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Ben Ain

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  • This topic has 98 replies, 8 voices, and was last updated 1 month ago by Richard Simpson.
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  • #118396
    Richard Simpson
    Participant
      @richardsimpson88330

      During this time the steam plant was also being put in place.  This included a manual feed pump, a gas control valve to conserve gas, two battery packs for the lighting and the receiver etc.

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      #118400
      James Hill 5
      Participant
        @jameshill5

        Hi Richard,

        This has taken a lot of your time to write and post this and is much appreciated, so thank you again. From the pictures it’s very interesting to see the mix and match, so to speak, of kit and scratch built items and makes the model the better for it.

        I know the firm BattleCraft do a compete kit of parts for 1/24th Puffers and I may use them for things too akward to make but I’ll make as much as possible myself ( Even in plasticard, which I’ve used a lot on the model railway ) I thought the inside of the bridge looked very realistic.

        Many thanks again,

        Jim.

        #118401
        Richard Simpson
        Participant
          @richardsimpson88330

          Many thanks for the comments Jim.  Yes, there is Battlecraft and it is always worth a look through Shapeways, although you need to take care as regards strength of the items.

          #118402
          Richard Simpson
          Participant
            @richardsimpson88330

            As most of the Ben Ain build happened at a point in my life while I was working away at sea I frequently took bits and peices away with me to work on in my free time on the ship.  One such project happened when I came to start looking at the ship’s boats.  They were supplied as fibreglass mouldings and, while the detail on the outside was OK the insides needed quite a bit of work to get to what I was after.  They built into perfectly good models as I had seen on other examples but not with the internal planking detail I wanted to show.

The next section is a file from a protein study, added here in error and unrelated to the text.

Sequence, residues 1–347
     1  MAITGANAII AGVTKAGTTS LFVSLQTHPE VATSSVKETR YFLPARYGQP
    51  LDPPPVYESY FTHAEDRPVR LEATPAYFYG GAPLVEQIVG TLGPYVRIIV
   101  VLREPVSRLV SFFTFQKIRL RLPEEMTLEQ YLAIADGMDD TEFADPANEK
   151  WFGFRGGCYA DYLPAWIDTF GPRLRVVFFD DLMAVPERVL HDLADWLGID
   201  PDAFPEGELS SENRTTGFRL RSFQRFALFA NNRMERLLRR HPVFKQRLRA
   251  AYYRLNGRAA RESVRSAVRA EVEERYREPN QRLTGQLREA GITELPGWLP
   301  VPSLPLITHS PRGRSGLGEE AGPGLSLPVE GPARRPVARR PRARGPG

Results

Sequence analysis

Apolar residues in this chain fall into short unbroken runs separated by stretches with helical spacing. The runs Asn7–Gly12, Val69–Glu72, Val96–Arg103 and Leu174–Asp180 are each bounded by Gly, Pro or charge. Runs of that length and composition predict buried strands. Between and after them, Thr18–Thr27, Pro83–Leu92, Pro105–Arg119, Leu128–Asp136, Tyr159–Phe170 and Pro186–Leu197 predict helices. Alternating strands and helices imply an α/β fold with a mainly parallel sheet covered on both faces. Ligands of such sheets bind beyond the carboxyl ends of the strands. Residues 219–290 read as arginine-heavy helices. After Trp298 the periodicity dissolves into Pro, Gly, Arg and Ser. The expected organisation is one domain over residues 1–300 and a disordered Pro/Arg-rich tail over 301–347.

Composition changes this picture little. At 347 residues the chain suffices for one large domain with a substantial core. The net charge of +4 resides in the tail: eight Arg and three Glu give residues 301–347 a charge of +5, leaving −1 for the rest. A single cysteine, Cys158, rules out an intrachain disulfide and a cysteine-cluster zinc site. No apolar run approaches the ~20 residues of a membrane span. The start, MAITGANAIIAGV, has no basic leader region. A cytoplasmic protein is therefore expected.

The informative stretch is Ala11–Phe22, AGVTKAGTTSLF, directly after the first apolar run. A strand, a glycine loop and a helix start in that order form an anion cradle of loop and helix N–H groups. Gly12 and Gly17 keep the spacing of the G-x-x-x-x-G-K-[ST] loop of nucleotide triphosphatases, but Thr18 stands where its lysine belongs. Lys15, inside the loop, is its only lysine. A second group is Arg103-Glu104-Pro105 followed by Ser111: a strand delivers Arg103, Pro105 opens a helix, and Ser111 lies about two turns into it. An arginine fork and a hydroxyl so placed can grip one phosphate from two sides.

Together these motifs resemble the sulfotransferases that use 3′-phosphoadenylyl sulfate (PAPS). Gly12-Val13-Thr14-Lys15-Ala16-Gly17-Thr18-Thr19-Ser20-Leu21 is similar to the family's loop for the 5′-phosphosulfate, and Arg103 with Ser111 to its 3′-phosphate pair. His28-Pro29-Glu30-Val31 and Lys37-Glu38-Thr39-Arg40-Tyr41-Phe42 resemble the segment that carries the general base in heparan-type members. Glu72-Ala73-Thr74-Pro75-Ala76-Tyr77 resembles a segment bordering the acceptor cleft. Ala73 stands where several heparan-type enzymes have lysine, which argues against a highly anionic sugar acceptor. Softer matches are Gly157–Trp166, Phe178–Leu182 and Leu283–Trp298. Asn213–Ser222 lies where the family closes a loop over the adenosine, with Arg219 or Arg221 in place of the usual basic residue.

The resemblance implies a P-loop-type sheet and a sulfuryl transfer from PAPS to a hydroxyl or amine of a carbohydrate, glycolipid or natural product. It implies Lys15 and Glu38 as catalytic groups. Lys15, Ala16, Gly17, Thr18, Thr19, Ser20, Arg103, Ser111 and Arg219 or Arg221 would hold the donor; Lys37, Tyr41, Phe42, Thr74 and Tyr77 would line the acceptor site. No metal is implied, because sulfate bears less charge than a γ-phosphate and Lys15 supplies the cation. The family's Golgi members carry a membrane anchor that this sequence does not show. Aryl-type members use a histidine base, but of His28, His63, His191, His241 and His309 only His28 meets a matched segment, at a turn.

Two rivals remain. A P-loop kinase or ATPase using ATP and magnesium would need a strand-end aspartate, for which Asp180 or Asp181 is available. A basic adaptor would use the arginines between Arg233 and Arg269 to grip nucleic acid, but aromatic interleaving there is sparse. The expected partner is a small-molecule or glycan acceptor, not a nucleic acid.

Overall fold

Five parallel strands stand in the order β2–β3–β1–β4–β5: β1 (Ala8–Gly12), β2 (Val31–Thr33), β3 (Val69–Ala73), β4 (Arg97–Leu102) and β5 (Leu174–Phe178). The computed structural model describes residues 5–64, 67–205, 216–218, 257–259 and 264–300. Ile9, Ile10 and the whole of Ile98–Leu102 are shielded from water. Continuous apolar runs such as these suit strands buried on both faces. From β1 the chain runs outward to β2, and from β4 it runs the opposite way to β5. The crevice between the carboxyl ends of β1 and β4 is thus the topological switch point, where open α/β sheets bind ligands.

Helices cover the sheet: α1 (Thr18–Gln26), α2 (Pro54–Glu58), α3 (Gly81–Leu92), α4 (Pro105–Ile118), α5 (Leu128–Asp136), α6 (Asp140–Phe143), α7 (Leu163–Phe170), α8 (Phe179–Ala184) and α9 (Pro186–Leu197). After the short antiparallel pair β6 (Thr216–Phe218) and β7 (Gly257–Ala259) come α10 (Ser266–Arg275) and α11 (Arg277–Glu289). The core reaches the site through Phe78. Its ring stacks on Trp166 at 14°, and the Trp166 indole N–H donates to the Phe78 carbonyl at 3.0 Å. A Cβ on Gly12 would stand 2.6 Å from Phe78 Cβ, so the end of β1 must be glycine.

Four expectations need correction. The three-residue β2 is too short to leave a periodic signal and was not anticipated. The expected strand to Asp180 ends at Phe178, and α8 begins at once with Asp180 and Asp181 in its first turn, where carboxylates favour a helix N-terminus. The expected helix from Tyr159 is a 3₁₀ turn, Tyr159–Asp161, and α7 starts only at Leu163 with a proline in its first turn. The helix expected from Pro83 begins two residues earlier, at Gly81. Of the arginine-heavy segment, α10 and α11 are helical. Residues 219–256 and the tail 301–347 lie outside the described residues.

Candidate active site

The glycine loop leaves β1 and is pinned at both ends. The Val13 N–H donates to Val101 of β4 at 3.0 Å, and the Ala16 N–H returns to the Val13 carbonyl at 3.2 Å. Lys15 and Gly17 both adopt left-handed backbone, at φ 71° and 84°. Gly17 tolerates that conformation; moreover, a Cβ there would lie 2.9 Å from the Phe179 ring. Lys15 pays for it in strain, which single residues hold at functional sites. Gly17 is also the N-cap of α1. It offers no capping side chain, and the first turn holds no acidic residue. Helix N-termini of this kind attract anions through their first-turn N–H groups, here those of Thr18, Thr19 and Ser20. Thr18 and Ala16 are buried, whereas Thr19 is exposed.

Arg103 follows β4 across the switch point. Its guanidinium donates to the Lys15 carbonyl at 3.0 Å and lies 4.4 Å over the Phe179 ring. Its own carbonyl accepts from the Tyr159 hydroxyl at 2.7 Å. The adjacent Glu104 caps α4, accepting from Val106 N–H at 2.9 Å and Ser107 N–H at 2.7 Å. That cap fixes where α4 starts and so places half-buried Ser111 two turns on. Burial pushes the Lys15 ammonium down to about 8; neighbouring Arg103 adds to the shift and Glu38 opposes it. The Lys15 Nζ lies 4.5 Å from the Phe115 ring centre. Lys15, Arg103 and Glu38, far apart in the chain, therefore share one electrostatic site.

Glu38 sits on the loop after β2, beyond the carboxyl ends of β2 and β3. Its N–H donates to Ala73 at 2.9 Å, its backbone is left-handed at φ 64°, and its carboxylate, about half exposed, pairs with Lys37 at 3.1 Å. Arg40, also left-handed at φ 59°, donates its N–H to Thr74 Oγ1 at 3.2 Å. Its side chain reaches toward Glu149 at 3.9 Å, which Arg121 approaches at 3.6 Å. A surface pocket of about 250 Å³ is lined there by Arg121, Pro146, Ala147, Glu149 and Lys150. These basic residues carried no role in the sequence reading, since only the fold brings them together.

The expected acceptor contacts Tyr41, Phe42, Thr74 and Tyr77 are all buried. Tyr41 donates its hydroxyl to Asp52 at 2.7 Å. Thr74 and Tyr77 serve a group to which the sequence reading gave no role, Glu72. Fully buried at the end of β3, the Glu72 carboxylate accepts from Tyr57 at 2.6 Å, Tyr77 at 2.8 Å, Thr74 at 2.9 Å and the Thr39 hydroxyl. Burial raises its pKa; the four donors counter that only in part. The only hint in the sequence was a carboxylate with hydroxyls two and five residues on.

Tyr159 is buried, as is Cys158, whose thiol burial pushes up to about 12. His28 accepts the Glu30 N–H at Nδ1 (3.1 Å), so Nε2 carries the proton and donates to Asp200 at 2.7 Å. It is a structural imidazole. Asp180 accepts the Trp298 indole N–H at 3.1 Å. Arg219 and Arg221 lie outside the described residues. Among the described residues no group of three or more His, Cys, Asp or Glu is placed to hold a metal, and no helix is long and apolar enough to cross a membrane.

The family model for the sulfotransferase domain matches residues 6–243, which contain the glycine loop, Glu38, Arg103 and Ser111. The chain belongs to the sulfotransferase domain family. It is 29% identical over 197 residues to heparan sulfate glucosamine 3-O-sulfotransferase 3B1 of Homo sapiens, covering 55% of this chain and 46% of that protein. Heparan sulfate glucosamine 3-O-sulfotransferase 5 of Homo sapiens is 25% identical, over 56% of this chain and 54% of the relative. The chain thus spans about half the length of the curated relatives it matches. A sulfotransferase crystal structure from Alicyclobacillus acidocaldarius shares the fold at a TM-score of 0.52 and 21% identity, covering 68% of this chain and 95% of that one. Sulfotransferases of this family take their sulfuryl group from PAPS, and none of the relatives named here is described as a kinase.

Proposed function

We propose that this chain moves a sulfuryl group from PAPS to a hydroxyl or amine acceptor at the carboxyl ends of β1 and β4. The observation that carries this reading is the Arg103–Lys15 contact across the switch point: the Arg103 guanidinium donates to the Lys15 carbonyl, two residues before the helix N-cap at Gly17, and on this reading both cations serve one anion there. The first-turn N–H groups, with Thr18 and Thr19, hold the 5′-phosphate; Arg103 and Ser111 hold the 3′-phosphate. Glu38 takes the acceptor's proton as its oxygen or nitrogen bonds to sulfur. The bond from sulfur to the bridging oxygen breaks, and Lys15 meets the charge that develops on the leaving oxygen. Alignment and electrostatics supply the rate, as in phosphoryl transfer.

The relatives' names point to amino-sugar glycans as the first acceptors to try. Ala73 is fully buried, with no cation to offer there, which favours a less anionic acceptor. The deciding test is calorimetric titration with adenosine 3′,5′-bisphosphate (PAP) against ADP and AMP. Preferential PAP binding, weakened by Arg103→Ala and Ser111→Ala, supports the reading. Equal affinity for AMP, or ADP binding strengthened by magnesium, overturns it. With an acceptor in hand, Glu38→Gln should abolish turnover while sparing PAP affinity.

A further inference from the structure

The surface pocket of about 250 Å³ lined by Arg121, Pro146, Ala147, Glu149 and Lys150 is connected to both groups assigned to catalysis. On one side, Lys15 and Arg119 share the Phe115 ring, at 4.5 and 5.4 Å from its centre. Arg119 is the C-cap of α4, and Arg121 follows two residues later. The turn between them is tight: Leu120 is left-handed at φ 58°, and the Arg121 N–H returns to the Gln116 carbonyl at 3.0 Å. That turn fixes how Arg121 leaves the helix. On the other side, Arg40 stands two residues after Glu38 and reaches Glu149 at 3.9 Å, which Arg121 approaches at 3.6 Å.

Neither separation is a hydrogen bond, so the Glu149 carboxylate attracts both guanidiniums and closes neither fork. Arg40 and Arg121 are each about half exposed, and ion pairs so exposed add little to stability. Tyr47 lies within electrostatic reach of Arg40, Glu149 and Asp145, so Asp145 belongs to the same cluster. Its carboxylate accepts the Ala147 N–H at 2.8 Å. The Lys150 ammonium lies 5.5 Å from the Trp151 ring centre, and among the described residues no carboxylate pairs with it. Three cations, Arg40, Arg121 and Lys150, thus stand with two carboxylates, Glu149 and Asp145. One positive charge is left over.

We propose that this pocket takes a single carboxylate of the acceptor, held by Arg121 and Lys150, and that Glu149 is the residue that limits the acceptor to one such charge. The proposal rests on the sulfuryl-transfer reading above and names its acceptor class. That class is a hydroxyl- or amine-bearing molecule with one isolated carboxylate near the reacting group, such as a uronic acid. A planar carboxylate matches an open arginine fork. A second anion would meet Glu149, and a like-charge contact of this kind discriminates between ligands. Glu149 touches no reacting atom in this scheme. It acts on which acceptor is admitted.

03-05-08-10MountFleetBenAin57

            It was while I was mulling this part of the build when I attended a show at Harrogate and just happened to see a very nicely built little model of a clinker built boat.

            11-05-08-18HarrogateRowingBoatMary2

            I had a chat with the guy on the stand and discovered it was built from a Harold Underwood plan of a Smacks Dinghy, purchased from Brown, Son and Ferguson, Ltd, Glasgow.  I obtained my own copy and set about looking at how I could adapt it.

            #118408
            Fred Ellis 1
            Participant
              @fredellis1

              Hi Richard

              I have been reading this article with interest, and looking at the photo’s your work is up to Museum standard, I just don’t know how you have found the time to research and then make all the detail that you have put into this model, let alone write this article.

              Fred

              #118409
              Richard Simpson
              Participant
                @richardsimpson88330